Tuesday, 21 September 2021

Screwed (2000)

The only film both written AND directed by Scott Alexander and Larry Karaszewski, Screwed is an enjoyably silly comedy starring Norm MacDonald in the lead role. The acting isn’t amazing, the plotting is unbelievably stupid, but fans of the star will have a great time with it.

MacDonald plays Willard Fillmore, a man who has spent most of his adult life as a butler/chauffeur/cleaner for the thrifty Miss Crock (Elaine Stritch). She is so mean to him that she won’t even buy him a new suit, making him wear the same one that she had removed from his father’s dead body. Hatching a plan that involves kidnapping her beloved dog, Willard and his friend, Rusty (Dave Chappelle), end up committing to a life of crime, which ends in disaster. The dog escapes, which means Miss Crock is left with the impression that Willard is the one kidnapped. And why would she pay ransom money for Willard?

If you only see one Norm MacDonald movie then you should definitely see Dirty Work, which is his best actual movie, thanks to the gags and supporting cast. But if you see two then you should easily make room for this one, which is a lot of fun. Highlights include a battle with the small dog, the main characters making a video of Willard “pleading for his freedom”, and a meeting with a gross and inappropriate morgue attendant (Danny DeVito).

Even if you were unaware, it’s clear that Alexander and Karaszewski are much more comfortable as writers than directors. There’s no real style or finesse here, from the shot choices to the soundtrack, and the focus is always on simply moving from one gag to the next. That isn’t necessarily the worst thing ever though, especially in a comedy that you don’t expect great cinema from. This isn’t great cinema. It’s just great fun.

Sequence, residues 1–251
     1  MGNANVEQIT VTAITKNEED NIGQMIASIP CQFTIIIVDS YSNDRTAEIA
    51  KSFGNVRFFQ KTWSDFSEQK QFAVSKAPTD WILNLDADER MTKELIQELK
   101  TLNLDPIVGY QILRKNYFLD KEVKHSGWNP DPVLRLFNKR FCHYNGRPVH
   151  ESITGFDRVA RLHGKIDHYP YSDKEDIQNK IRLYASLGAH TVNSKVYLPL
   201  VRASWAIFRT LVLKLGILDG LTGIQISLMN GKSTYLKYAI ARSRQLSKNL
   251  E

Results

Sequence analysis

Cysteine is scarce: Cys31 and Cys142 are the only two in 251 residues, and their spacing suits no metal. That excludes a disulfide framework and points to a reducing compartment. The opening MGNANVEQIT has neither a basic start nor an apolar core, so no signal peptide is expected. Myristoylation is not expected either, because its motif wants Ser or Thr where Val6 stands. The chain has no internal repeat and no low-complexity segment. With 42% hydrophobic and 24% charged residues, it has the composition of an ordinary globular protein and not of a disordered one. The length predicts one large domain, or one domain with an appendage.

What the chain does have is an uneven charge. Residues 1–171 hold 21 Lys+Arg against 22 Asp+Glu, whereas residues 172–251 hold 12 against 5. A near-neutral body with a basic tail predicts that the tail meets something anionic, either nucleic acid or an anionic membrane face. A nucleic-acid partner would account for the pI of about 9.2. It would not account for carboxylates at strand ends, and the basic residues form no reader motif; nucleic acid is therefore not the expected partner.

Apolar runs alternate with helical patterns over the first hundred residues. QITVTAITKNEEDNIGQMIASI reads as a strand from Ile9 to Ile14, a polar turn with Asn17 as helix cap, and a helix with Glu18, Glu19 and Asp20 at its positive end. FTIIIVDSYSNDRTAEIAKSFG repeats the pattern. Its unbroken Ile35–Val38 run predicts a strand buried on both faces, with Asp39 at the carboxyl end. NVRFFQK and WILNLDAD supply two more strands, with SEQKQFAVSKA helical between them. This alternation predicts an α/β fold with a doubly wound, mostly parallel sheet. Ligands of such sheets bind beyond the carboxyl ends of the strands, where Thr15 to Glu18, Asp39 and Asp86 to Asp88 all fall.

MacDonald was never a great leading man, which I am sure he would agree with, but he was used a couple of times in films that managed to use his style without trying to change him. That works well, probably because he seemed to never change for the sake of others anyway. Love or hate him, Norm was unique. Chappelle is a fun co-star here, his nervous energy working well alongside the laconic and dry style of MacDonald. Stritch is good as the tight-fisted employer who mistreats her staff, Sherman Hemsley has a few scenes as another member of staff, Daniel Benzali is a tough detective who doesn’t like loose ends (which is obviously problematic for our leads), and Sarah Silverman has a small role as an ex-girlfriend who might be able to help MacDonald’s character, if she is filled in on the details of the scheme. And DeVito steals a couple of scenes as that aforementioned morgue attendant.

The more I think about it now, the more I can recall that made me heartily chuckle. It may never appear on many “favourite movie” lists, and it won’t ever be discussed in the context of cinema that made an impact on psyches and pop culture, but it is a comedy that delivers a steady stream of good gags. Which makes it worth your time when you just want to laugh.


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